Ask Dr. Jeff! Your Veterinary Homeopath

Ask Dr. Jeff! Your Veterinary Homeopath

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What’s the best food to feed your dog? Does your cat need to be vaccinated? How about your itchy pup or vomiting feline?

I’m excited to be here to answer all of your natural and holistic vet care questions!

Many readers of this magazine have probably already adopted a holistic lifestyle for themselves. There’s not much question in the general medical community that doing so helps us live longer and healthier lives.

Thirty years ago, when I graduated from vet school, there were no readily available commercial raw foods and vaccinations were given annually (or more often). Veterinary care that was reliable, natural, and holistic was hard to find.

Not anymore.

Viv from Bethel asks, “I have a general question for Dr. Jeff. My 8-year-old miniature Schnauzer recently died from complications due to chemotherapy. I also have a 2-year-old mini and want to help keep her from having problems. Is there anything special that I should do?”

Great question! First of all, Viv, my condolences for your loss. This article about coping with the loss of a pet might help a bit: http://bit.ly/vZrQMz.

There are various ways to help prevent serious problems from developing. Though I can’t list them all, you will find many answers at: http://bit.ly/1MZ0r6t.

The most important step that you can take is to adopt a holistic view of your pup’s health. There are many specifics relating to diet, vaccination, symptom treatment, etc. However, regardless of how you treat your dog, it’s most critical to keep your eye “on the prize.” As an owner, using behaviors and signs (both subtle and more obvious) of the whole dog is important in the assessment of optimal health and longevity. One particularly bothersome problem might resolve with treatment. But if another, seemingly unrelated problem arises, then the pup might have actually moved towards a worsening level of health – even in the absence of the original concern.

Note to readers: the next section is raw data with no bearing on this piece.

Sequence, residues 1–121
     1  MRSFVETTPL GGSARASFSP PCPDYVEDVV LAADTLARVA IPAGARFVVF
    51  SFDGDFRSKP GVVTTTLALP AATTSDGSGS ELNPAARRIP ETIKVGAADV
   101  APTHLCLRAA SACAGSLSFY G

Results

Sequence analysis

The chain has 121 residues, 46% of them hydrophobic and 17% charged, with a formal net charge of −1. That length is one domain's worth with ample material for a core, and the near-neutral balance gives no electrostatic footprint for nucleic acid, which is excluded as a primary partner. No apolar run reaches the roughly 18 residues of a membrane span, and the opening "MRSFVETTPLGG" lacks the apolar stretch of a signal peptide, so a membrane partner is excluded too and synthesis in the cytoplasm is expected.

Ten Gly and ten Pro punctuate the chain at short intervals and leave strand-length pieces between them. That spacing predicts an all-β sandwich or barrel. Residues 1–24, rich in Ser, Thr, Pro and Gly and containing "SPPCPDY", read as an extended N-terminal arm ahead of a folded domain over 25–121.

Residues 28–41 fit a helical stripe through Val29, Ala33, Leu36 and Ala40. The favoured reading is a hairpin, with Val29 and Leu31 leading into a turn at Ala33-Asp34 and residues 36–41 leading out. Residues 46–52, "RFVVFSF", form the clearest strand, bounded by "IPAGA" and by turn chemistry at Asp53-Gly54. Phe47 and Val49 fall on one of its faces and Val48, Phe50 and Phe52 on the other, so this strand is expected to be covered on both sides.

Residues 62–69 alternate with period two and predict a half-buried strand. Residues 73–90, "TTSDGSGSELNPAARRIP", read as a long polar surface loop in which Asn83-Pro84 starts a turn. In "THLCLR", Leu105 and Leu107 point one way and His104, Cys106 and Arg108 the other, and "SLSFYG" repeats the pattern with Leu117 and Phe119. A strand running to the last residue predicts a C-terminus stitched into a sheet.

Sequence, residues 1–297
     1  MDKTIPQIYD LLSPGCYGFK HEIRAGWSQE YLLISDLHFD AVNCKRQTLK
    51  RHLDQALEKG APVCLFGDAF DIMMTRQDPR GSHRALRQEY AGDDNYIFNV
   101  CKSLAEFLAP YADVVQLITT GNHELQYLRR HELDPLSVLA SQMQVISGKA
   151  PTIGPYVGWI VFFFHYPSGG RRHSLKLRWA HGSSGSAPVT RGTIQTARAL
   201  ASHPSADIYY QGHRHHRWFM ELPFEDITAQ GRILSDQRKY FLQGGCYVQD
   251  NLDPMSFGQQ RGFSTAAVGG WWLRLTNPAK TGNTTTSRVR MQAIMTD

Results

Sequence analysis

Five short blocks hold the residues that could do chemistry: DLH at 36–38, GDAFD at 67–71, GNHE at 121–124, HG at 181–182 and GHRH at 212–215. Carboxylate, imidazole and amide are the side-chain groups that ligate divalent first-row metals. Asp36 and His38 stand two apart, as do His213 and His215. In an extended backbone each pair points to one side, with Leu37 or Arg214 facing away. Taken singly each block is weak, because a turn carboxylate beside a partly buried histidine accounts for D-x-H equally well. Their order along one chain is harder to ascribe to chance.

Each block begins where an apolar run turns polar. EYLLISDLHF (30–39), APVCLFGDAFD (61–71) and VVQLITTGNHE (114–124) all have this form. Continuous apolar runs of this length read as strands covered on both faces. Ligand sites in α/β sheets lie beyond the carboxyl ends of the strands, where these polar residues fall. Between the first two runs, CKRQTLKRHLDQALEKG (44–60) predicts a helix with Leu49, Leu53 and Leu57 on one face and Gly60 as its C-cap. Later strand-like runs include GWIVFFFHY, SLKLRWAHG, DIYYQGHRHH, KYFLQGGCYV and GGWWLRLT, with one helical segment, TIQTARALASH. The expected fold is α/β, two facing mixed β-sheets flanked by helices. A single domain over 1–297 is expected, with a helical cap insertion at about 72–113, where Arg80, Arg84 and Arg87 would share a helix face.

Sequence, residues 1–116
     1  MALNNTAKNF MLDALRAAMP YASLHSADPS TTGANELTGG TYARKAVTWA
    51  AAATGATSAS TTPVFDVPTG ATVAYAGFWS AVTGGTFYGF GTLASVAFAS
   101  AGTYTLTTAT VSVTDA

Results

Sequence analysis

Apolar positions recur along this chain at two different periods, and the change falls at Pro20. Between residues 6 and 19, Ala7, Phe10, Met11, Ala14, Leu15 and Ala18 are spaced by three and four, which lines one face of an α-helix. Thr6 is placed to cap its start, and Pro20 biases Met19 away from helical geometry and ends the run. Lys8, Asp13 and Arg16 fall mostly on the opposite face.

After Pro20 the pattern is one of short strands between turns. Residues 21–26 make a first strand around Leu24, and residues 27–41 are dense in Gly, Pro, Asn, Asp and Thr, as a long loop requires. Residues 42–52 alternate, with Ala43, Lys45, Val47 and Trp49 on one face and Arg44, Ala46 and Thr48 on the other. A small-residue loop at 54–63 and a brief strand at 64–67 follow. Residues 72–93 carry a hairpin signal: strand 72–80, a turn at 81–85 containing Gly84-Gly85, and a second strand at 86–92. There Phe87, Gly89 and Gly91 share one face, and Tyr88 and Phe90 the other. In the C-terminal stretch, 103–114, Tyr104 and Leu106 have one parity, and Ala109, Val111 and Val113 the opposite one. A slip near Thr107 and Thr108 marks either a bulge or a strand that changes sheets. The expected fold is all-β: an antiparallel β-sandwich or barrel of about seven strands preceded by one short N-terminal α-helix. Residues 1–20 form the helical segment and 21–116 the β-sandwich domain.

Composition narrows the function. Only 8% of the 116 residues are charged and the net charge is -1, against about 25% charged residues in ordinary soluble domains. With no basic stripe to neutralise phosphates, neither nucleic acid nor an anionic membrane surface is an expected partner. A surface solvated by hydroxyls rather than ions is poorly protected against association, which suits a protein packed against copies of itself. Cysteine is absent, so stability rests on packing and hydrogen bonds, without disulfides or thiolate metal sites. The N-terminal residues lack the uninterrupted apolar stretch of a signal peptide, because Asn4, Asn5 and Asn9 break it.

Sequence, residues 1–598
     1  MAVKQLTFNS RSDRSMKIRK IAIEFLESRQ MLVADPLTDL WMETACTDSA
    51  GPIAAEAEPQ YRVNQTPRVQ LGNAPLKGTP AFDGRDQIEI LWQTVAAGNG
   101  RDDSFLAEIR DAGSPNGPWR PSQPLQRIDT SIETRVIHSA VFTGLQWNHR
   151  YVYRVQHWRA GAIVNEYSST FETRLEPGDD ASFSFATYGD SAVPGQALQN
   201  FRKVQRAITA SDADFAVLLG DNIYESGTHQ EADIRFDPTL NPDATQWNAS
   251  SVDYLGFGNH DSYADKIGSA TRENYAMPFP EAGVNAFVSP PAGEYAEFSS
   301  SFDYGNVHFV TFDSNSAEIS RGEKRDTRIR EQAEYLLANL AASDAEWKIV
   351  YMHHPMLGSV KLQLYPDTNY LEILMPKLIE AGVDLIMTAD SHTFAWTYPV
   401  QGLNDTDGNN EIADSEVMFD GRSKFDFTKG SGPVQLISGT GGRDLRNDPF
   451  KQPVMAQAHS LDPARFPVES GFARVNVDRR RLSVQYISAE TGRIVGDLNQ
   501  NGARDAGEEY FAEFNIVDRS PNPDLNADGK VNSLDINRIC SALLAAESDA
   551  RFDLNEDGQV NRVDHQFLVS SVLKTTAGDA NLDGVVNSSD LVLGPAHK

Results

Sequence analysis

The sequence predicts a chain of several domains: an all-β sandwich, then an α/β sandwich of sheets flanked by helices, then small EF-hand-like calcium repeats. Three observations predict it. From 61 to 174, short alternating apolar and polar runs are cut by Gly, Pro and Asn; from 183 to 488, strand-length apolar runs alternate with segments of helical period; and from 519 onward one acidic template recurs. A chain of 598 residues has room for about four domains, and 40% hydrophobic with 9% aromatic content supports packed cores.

Dr. Beal and I recently discussed this very issue. This very important question is discussed a bit further at: http://bit.ly/1usOZ98.

Joe from Fairfield ponders, “My cat sometimes asks me to pet him, but after a few minutes of petting, he turns around and bites me. Is he just being mean?”

No Joe, he’s not being mean. It’s great that he wants to interact with you by being pet. Some cats don’t like to be pet at all, while others are easily over-stimulated. Try restricting your petting to just a few seconds at first; concentrate on rubbing his head and neck area. Watch his tail. If you start to see it flicking around, he is getting over-stimulated and you need to stop petting him. Eventually you will learn where, and for how long he can tolerate petting without lashing out at you.

Marci in Bethel asks, “Dr. Jeff, my local veterinarian is open-minded about my minimizing vaccines, feeding fresh food and herbal and homeopathic treatments. Unfortunately, even though he’s supportive, he doesn’t know much about these treatments. What can I do?”

Wow, you’re very fortunate to have a supportive veterinarian, Marci. It sounds like now is a great time to add a well-trained, holistic veterinary homeopath to your veterinary health care team. They can work with and guide both you and your veterinarian. You can find one of us at: http://bit.ly/1fSLvtE.

Susan from Avon wonders, “My dog gets ear infections a few times a year. My vet says that they are from swimming or that the groomer gets her ears wet. What can I do?”

Hi Susan. Recurrent otitis (inflammation of the ear canal) is one of the many “common,” but abnormal problems that are early warning signs of internal imbalance http://bit.ly/HcCy6A. You can keep her ears dry after swimming or bathing by wiping them out with a cotton ball or tissue. Powdering them lightly with cornstarch is an effective method as well. If this is sufficient – great! If not, however, address the underlying imbalance and her tendency to generate ear symptoms with a veterinary homeopath. Doing so should not only help her current ear problems, but should also prevent other problems in the future.

For more answers or to join our discussion, go to Ask Dr. Jeff on the web at: http://bit.ly/GXmLYA.

Dr. Jeff is a 1985 University of Pennsylvania School of Veterinary Medicine graduate. After 1 year working as an emergency clinician, Dr. Feinman started Fairfield County’s first holistic house-call practice. In the mid-nineties, his continued clinical research in holistic medicine led him to study homeopathy. By 2000 he became the first certified veterinary homeopath (CVH) in Connecticut. Dr Jeff’s clinical practice currently focuses on both prevention and treatment of serious diseases in dogs and cats. Dr. Jeff can be reached at:drjeff@certifiedvethomeopath.com